Since the pandemic, most GP practices have moved to a system of assessing people by phone or video consultation first rather than letting them make a face-to-face appointment automatically. But that doesn't mean you can't be seen if it's needed. Because demand for GP appointments has increased so much and there's a significant shortage of GPs, this process means patients who don't need to be seen face to face can be sorted out more quickly, freeing up time for those who do. If you have a breast problem, it's highly likely your GP will call you in for an appointment to examine you - or they may refer you straight to hospital.

Hospital referrals

Lots of my patients have been concerned about hospital referral since the pandemic. But please don't be worried - hospitals and GP surgeries have gone to huge lengths to ensure they're COVID-safe. Waiting rooms are carefully arranged so they're not overcrowded and hygiene standards have never been higher.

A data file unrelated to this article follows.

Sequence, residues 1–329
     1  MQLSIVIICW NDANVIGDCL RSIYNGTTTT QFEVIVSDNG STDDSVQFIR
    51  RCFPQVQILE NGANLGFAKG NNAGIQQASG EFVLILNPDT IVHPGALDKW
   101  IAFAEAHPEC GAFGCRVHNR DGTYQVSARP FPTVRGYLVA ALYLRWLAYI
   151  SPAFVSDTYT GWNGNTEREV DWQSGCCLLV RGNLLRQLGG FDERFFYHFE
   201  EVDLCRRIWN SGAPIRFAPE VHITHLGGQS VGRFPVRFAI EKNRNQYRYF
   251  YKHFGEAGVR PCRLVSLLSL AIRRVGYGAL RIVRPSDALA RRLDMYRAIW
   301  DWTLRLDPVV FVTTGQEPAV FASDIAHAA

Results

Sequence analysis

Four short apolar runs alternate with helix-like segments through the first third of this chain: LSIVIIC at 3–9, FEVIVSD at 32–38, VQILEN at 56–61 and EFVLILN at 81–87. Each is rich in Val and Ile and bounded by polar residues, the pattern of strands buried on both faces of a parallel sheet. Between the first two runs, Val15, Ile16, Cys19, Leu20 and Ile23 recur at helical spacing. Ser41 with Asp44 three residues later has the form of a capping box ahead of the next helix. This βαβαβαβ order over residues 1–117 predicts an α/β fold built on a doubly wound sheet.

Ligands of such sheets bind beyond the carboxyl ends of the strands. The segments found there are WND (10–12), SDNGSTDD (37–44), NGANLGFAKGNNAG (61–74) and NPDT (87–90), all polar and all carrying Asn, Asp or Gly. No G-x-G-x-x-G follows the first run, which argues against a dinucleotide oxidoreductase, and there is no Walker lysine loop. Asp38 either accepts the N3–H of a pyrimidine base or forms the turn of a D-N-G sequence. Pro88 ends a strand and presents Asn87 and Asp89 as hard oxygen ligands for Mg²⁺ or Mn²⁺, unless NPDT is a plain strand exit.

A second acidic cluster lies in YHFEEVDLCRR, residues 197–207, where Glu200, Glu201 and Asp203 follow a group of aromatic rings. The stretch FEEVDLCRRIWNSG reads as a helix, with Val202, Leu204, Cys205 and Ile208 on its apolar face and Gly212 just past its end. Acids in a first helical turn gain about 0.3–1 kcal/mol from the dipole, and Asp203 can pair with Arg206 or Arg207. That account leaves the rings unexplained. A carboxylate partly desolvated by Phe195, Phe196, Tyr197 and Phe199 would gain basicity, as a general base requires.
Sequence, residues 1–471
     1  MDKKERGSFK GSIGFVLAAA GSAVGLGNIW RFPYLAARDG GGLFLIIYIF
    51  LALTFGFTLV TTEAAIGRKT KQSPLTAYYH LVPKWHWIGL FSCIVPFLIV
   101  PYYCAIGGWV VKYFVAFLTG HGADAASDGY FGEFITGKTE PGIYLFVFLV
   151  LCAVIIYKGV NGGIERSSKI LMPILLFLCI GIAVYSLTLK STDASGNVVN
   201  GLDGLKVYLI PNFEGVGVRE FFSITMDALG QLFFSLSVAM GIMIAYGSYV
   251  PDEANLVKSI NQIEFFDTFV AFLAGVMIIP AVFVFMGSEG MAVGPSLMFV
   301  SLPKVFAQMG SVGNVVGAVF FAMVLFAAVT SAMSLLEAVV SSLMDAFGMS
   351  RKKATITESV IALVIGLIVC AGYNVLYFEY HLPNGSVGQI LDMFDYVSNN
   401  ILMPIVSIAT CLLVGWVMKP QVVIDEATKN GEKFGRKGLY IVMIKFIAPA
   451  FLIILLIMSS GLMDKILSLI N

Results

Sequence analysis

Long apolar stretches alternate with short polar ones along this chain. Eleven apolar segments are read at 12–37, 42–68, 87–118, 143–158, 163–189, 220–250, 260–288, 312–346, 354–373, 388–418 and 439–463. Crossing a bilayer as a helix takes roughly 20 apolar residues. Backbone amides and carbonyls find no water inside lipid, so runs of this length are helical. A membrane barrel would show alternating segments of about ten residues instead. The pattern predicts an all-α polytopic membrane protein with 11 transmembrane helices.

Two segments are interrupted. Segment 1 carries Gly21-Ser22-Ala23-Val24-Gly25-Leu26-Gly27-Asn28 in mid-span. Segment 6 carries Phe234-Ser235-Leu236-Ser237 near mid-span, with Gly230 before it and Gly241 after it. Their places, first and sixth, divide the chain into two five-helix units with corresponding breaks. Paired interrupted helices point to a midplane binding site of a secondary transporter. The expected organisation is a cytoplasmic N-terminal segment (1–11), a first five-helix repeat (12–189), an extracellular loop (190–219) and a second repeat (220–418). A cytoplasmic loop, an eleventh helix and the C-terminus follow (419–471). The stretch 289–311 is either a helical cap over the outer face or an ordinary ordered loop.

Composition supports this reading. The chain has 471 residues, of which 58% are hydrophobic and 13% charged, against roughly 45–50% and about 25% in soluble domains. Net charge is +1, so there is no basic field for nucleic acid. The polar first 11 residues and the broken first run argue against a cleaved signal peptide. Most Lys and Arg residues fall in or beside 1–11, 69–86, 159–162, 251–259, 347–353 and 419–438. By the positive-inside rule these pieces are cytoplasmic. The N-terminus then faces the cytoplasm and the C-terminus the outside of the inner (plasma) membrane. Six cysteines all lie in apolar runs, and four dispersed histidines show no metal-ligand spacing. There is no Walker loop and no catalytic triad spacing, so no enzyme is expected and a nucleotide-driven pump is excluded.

Screening appointments

All women in the UK are invited to have a regular mammogram every three years from 50-70 years old. However, your first invitation will come within three years of you turning 50 rather than on your 50th birthday. Breast screening aims to pick up breast cancer at a very early stage, before it causes any symptoms. That's because the earlier any cancer is caught and treated, the better the chances that treatment will be successful.

The process involves X-raying one breast at a time (done by a female health practitioner). Each breast has to be compressed between a clear plate and the X-ray machine - it's mildly uncomfortable for some but only takes minutes. The appointment is quick and you don't need to take any special steps - you can eat and drink normally and drive straightaway afterwards.

Even though you won't be routinely invited for breast screening once you reach 71, you can continue to access screening every three years by requesting it - your doctor can advise.

At the height of the first wave of the pandemic, screening appointments, including mammography (special breast X-ray screening) were put on hold. But that too has now restarted and clinics are doing their best to catch up with the backlog.